The Royal Grove moved a step closer Wednesday to ensuring it can stay open.
The Lincoln-Lancaster County Planning Commission voted unanimously to recommend changing the zoning on a parking lot next to the nightclub at 340 W. Cornhusker Highway from residential to commercial, something that is required for the club to qualify for a liquor license under the city's zoning laws.
Eli Mardock, who is one of the owners of the company that reopened the storied music venue in January, found out soon after that because of a zoning quirk, the club couldn't qualify for a liquor license because it was too close to residential zoning.
The setup had been grandfathered in under previous zoning laws, but the Royal Grove lost the grandfathered status when the previous liquor license went unused for more than two years.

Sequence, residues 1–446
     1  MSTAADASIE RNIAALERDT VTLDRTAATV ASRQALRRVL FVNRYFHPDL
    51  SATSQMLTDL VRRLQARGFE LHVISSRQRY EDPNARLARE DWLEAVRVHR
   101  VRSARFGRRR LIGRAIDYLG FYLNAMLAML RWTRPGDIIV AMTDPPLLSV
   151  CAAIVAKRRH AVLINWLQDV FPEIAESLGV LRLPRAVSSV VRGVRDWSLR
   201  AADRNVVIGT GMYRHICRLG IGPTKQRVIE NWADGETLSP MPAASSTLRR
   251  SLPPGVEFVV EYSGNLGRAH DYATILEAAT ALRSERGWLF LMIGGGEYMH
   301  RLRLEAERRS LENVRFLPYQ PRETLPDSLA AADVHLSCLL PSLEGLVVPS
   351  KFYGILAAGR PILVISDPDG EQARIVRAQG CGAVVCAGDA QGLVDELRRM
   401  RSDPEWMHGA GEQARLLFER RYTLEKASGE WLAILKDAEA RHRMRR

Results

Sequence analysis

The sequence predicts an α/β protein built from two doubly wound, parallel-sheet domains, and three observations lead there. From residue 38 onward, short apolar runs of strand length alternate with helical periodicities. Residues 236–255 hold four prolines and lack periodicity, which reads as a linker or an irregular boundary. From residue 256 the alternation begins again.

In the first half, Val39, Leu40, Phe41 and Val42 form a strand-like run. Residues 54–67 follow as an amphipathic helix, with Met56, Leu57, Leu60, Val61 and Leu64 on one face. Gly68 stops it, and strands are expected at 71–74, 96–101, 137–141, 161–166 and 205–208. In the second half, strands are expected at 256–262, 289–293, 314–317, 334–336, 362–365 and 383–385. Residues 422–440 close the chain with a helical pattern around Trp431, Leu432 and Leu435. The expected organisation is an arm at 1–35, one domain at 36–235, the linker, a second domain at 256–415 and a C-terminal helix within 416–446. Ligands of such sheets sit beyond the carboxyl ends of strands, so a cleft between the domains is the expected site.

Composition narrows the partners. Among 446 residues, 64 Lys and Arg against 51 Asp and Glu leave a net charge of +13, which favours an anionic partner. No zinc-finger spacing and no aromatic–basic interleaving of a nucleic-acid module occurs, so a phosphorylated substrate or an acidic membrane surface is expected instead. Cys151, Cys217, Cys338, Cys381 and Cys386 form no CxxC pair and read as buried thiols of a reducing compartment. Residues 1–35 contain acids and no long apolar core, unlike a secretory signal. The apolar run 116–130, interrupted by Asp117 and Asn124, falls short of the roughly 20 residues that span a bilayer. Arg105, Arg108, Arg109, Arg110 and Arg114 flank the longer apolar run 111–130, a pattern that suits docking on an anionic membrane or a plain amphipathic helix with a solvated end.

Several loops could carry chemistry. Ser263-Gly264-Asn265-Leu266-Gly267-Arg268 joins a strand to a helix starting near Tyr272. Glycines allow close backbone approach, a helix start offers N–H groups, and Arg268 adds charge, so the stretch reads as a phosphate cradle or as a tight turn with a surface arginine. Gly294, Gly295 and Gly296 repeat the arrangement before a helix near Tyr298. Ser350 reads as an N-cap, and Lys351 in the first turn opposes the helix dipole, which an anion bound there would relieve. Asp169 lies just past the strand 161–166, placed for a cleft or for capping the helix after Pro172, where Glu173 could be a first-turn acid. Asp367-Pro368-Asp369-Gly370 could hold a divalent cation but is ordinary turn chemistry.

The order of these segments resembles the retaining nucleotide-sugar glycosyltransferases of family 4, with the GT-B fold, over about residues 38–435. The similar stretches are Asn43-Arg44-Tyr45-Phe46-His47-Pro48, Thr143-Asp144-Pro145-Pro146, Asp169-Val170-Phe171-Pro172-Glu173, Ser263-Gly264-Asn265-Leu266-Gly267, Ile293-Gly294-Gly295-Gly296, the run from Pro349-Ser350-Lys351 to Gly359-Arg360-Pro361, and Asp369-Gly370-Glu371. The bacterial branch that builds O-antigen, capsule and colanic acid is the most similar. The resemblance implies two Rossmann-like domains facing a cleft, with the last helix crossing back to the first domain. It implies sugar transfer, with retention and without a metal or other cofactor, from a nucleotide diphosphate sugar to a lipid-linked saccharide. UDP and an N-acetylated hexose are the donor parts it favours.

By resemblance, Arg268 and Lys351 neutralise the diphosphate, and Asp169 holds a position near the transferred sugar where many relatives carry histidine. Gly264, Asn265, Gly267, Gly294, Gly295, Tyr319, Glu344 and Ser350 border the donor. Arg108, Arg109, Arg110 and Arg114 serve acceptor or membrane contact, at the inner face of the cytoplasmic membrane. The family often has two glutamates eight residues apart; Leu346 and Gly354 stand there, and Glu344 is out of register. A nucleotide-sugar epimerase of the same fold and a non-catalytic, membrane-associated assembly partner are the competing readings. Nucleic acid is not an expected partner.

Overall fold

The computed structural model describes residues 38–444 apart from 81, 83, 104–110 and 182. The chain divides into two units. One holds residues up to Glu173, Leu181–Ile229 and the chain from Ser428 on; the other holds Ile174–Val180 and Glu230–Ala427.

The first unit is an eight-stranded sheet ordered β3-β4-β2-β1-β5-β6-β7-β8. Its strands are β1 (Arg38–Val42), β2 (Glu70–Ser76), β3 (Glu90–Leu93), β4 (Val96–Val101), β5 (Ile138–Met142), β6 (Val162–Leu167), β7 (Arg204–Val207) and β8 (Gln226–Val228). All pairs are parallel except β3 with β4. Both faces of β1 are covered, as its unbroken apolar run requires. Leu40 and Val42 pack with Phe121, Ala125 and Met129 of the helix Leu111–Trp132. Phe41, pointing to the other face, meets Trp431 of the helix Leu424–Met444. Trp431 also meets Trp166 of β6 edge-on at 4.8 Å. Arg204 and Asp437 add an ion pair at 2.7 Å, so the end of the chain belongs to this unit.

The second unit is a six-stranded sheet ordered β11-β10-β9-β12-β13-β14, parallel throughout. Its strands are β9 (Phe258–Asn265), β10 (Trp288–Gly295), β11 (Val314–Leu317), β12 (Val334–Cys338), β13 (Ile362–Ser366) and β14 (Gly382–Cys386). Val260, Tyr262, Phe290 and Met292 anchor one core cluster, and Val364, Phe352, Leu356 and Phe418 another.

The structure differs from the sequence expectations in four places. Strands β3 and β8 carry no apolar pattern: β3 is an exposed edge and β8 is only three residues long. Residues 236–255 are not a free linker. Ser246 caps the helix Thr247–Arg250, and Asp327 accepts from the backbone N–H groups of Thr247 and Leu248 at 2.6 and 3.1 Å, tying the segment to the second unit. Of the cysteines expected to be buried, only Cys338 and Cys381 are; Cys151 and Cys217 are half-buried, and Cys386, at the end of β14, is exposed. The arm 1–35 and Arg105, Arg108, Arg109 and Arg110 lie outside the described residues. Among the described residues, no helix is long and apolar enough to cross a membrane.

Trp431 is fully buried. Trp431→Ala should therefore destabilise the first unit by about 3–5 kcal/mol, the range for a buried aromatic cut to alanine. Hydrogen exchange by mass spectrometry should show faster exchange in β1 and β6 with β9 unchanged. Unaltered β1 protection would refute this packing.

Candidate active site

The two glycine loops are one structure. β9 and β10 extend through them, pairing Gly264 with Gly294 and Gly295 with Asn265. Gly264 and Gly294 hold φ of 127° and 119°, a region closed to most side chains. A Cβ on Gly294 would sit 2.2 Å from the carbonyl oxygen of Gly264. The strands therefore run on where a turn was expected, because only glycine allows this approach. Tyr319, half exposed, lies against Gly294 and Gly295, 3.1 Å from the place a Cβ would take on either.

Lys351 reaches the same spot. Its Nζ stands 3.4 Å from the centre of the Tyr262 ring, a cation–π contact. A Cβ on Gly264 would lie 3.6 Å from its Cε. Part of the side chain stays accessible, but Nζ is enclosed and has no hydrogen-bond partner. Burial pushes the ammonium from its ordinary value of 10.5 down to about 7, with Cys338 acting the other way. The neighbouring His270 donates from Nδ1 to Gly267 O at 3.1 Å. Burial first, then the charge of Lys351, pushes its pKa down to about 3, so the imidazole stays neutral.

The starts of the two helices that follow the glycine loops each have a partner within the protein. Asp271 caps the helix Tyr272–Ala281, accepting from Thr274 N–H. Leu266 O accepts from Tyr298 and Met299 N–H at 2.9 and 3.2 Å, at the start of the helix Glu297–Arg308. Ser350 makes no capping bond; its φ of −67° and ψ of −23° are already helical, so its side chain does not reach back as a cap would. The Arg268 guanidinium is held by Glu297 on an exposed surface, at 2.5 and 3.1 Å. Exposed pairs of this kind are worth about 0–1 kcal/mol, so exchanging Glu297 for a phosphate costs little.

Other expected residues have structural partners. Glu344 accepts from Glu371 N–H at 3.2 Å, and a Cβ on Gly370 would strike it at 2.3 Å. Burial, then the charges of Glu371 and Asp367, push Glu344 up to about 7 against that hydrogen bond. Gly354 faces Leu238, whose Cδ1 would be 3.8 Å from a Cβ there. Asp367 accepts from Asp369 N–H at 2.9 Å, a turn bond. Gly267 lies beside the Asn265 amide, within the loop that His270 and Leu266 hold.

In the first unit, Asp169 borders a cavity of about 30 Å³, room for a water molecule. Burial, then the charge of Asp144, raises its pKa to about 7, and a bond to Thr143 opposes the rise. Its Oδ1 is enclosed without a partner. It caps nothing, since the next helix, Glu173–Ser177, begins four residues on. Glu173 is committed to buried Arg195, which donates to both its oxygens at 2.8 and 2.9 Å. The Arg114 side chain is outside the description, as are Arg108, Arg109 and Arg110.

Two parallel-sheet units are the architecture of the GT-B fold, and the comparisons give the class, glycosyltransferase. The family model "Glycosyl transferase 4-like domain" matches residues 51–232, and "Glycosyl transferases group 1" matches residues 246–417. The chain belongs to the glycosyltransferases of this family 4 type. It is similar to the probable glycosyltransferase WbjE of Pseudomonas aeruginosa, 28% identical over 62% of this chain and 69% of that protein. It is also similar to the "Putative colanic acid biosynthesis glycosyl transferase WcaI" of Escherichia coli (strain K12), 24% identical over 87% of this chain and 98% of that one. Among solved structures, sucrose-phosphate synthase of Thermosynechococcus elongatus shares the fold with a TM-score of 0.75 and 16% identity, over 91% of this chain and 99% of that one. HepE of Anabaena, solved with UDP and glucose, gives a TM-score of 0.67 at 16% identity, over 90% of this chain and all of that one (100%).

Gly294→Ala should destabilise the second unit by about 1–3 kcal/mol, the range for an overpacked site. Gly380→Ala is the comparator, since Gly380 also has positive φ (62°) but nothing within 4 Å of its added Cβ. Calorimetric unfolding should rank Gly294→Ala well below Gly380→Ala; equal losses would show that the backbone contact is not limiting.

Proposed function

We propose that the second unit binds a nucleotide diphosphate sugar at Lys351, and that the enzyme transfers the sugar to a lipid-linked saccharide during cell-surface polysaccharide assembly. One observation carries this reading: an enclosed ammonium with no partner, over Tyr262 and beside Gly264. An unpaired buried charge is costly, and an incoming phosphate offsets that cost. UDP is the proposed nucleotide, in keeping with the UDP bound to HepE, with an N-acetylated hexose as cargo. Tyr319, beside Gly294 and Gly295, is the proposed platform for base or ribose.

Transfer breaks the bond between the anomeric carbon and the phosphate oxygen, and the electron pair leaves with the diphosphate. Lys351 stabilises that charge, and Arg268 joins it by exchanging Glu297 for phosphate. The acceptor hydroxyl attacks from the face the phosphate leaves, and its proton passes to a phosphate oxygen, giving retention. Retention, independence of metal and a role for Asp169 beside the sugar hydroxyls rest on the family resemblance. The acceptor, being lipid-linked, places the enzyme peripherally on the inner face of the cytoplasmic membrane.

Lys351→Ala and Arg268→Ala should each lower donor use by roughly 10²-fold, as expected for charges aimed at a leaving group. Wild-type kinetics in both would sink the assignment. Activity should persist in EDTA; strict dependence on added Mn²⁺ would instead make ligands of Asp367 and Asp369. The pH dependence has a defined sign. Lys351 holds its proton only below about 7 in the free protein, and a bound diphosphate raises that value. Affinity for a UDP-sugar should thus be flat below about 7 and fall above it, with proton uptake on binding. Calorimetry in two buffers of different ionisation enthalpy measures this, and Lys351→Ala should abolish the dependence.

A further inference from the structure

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The club has been operating on weekends and serving alcohol using special designated licenses, which are meant for occasional events.
Last week, the Nebraska Liquor Control Commission waived its regular rules on the number of the special designated licenses a business can get in a year so the Royal Grove can continue to operate until getting its zoning issue worked out.
One area resident testified against the proposed zoning change Wednesday, although he said he was not opposed to the Royal Grove getting a liquor license, just worried about what the zoning change could mean for his property value, especially if a different business takes over the site at some point.
City Planner Brian Will said the zoning change is dependent on the Royal Grove signing a zoning agreement with the city that limits the use of the parking lot to parking only. Any plan to change the use by the club or another business would have to get approval from the city.
The zoning change, along with the special permit request for alcohol sales, now go to the City Council, which is likely to vote on them at its April 9 meeting.
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